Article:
1933 – USA
‘‘The Mechanism of Mendelian Heredity’ (1915), ‘The Theory of the Gene’ (1926)’
Starting with Mendel’s laws of segregation and independent assortment, Morgan investigated why there are far fewer chromosomes – the long thread-like structures present in the nucleus of every living cell, which grow and divide during cell splitting, – than there are ‘units of heredity’. Morgan could not see how these few chromosomes could account for all the changes that occur from one generation to the next.
Mendel’s ‘factors of heredity’ had been renamed ‘genes’ in 1909 by the Dane Wilhelm Johannsen.
When the organism forms its reproductive cells (gametes), the genes segregate and pass to different gametes.
Since it had been separately established that chromosomes play an important part in inheritance, then groups of genes had to be present on a single chromosome.
If all the genes were arranged along chromosomes, and all chromosomes were transmitted intact from one generation to the next, then many characteristics would be inherited together. This implicitly invalidates Mendel’s law of independent assortment, which dictated that hereditary traits caused by genes would occur in all possible mathematical combinations in a series of descendants, independent of each other.
Experimental evidence often seemed to back-up the mathematical forecasts for characteristics present in descendants that Mendel had suggested; Morgan felt that the law of independent assortment could not accurately model the process of arriving at the end result.
He began his experiments with the fruit fly, which has just four pairs of chromosomes, in 1908.
He observed a mutant white-eyed male fly, which he extracted for breeding with ordinary red-eyed females. Over subsequent generations of interbred offspring, the white-eyed trait returned in some descendants, all of which turned out to be males. Clearly, certain genetic traits were not occurring independently of each other but were being passed on in groups.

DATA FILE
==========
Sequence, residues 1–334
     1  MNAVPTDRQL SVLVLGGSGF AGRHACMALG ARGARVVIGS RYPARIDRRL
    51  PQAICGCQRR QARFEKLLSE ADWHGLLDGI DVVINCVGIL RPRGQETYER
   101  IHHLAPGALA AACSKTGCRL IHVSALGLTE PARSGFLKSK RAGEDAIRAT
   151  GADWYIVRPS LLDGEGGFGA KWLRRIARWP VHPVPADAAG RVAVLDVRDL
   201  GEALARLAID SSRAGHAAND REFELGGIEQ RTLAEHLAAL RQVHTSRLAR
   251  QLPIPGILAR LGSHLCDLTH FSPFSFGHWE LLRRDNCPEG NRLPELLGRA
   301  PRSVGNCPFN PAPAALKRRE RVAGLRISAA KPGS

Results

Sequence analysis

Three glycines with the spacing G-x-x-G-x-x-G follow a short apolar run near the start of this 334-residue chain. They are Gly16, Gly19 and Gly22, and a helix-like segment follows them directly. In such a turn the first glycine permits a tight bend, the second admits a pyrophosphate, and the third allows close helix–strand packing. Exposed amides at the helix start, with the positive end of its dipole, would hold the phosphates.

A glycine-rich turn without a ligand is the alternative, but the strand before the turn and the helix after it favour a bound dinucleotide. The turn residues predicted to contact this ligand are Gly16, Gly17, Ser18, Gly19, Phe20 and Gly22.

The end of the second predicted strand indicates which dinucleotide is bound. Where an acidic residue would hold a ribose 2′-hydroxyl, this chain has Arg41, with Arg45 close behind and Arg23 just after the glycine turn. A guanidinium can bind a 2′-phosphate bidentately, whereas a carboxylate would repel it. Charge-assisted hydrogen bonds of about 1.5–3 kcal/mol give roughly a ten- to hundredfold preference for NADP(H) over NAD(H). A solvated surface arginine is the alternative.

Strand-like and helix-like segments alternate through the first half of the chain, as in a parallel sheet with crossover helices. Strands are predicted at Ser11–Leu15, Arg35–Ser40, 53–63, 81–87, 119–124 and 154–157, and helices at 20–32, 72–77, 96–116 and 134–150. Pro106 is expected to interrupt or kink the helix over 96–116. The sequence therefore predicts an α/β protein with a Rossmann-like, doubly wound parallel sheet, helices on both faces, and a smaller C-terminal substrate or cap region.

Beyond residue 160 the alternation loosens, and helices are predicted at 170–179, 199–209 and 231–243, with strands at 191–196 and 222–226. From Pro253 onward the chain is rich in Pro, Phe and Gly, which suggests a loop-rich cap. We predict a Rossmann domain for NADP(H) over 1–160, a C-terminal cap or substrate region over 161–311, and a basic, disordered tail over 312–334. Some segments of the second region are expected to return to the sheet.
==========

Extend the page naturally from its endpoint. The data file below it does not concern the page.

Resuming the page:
Rather than invalidating Mendel’s law of independent assortment, a simple adjustment was required to unite it with Hunt’s belief in chromosomes to produce his thesis.
He suggested that the law of independent assortment did apply – but only to genes found on different chromosomes. For those on the same chromosome, linked traits would be passed on; usually a sex-related factor with other specific features (such as, the male sex and the white-eyed characteristic).
The results of his work convinced Morgan that genes were arranged on chromosomes in a linear manner and could be mapped. Further testing showed that, as chromosomes actually break apart and re-form during the production of sperm and egg cells, linked traits could occasionally be broken during the exchange of genes (recombination) that occurred between pairs of chromosomes during the process of cell division. He hypothesised that the nearer on the chromosome the genes were located to each other, the less likely the linkages were to be broken. Thus by measuring the occurrence of breakages he could work out the position of the genes along the chromosome.
In 1911 he produced the first chromosome map showing the position of five genes linked to gender characteristics.
In 1933 Hunt Morgan received the Nobel Prize for Physiology.
- Study of fruit fly chromosomes improves understanding of evolution and fertility (sciencedaily.com)
- Learn Genetics (gslc.utah.edu)